Mentions: Our findings provide novel insights into molecular interactions of SK2 channels and the differential properties of SK2 alternative splice variants. We show that SK2 co-precipitates with α9/10-nAChRs, using heterologous expression. This is the first demonstration, to our knowledge, of a physical association between these 2 key functional channels of olivocochlear postsynaptic sites. Further, we show direct binding of SK2 to the actin-binding protein α-actinin-1 in vitro and in vivo. We also find developmentally regulated expression of SK2 splice variants, in vivo, in the avian cochlea and the mammalian cortex and hippocampus, suggesting widespread significance of SK2 molecular heterogeneity. The SK2-ARK isoform has been identified previously in the avian cochlea,30 but changes induced by the insert have not been defined prior to our study. We demonstrate that the two isoforms differ in surface membrane levels, interactions with α9/10-nAChRs, Ca2+ sensitivity, and modulation of their molecular interactions by Ca2+ and calmodulin (Fig. 9). Based on these differences, we speculate that the 2 SK2 isoforms provide an unanticipated complexity that may serve to differentially modulate responses to synaptic activity in sensory hair cells and neurons.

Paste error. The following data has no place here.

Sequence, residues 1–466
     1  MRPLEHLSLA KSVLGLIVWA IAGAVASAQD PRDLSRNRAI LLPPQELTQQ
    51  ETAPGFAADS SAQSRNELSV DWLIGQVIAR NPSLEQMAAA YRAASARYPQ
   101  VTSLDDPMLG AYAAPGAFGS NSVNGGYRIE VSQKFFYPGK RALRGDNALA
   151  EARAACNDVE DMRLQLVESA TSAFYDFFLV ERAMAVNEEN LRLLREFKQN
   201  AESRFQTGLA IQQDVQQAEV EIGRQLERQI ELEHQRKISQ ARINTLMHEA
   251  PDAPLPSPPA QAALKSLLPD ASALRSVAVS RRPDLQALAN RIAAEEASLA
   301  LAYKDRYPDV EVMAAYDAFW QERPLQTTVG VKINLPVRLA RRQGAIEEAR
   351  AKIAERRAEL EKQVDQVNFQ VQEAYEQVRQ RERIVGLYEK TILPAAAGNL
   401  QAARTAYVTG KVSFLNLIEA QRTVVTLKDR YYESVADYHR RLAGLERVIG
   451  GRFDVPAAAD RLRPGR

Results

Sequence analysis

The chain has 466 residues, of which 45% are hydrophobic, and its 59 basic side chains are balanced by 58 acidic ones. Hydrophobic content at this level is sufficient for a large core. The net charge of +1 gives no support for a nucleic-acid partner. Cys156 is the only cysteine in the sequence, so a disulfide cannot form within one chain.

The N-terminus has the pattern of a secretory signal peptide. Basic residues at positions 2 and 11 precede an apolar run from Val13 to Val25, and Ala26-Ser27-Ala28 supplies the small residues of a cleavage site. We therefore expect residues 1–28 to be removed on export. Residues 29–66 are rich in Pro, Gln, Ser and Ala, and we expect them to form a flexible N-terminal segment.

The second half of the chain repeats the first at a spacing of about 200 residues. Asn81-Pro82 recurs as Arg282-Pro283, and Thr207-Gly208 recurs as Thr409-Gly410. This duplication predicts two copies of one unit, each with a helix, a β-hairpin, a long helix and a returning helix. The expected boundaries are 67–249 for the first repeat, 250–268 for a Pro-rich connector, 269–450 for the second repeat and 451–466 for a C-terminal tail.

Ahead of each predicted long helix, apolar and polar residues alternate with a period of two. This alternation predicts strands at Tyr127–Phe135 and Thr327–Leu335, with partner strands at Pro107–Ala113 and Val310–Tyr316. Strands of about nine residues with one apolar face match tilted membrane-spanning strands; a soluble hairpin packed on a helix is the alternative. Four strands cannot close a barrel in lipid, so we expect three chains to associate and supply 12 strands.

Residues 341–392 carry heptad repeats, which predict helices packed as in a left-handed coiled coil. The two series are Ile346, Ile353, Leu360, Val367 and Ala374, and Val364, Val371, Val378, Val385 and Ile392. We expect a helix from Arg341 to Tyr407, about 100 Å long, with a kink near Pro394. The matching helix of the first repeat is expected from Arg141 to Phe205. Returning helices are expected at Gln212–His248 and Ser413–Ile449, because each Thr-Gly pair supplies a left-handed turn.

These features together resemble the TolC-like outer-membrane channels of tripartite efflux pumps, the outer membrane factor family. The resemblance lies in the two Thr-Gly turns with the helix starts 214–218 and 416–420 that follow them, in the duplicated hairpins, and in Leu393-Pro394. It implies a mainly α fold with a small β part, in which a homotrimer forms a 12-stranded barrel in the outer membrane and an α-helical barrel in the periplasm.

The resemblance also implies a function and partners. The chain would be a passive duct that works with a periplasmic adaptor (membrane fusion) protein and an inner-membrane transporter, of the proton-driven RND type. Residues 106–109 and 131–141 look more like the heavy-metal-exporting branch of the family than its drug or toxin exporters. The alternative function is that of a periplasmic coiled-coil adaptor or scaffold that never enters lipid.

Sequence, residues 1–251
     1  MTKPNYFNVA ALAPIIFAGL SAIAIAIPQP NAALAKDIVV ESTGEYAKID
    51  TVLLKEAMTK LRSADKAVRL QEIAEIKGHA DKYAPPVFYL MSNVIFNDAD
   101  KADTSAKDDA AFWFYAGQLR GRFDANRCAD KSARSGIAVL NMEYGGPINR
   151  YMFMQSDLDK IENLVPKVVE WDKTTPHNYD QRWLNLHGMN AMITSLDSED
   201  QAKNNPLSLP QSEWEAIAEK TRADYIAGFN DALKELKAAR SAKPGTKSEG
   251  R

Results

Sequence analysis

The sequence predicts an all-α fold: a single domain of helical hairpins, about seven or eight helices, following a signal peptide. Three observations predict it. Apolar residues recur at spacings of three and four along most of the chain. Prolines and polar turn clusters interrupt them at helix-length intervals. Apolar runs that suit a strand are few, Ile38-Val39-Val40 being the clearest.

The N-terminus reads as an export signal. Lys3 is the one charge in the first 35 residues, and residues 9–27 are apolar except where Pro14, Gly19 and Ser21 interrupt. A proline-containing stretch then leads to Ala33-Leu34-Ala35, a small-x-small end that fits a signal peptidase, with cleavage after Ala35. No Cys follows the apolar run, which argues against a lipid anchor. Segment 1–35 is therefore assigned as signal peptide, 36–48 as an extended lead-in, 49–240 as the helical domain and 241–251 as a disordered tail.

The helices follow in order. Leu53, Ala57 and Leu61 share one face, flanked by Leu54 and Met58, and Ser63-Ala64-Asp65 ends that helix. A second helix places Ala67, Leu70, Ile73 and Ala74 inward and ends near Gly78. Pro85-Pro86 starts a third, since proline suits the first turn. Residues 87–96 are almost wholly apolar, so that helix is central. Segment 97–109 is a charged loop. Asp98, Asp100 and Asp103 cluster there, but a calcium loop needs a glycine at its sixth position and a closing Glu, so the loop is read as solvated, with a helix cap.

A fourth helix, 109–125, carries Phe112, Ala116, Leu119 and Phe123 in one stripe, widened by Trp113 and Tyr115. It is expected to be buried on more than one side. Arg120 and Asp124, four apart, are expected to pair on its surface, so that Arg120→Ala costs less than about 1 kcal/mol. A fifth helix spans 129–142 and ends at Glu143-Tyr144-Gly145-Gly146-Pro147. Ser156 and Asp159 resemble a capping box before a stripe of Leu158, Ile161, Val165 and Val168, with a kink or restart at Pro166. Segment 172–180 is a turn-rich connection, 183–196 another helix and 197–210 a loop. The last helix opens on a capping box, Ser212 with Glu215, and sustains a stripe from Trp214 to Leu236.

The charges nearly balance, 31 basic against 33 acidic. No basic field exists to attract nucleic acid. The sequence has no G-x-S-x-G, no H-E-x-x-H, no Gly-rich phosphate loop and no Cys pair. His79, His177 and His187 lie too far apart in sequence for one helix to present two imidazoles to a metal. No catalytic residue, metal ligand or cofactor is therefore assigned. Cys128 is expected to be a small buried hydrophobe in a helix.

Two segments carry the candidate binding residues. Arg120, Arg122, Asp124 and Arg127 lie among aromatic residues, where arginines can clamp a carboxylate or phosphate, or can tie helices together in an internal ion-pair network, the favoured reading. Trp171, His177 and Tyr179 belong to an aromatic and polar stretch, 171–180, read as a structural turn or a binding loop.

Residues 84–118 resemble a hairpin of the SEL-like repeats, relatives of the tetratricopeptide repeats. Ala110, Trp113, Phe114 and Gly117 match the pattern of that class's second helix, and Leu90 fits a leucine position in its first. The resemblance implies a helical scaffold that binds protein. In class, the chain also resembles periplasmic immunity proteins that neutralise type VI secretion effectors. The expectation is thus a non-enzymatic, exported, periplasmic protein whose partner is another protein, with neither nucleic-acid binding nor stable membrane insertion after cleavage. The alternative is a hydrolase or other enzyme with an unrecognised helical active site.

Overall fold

Alternative splice isoforms of small conductance calcium-activated SK2 channels differ in molecular interactions and surface levels.

Scholl ES, Pirone A, Cox DH, Duncan RK, Jacob MH - Channels (Austin) (2014)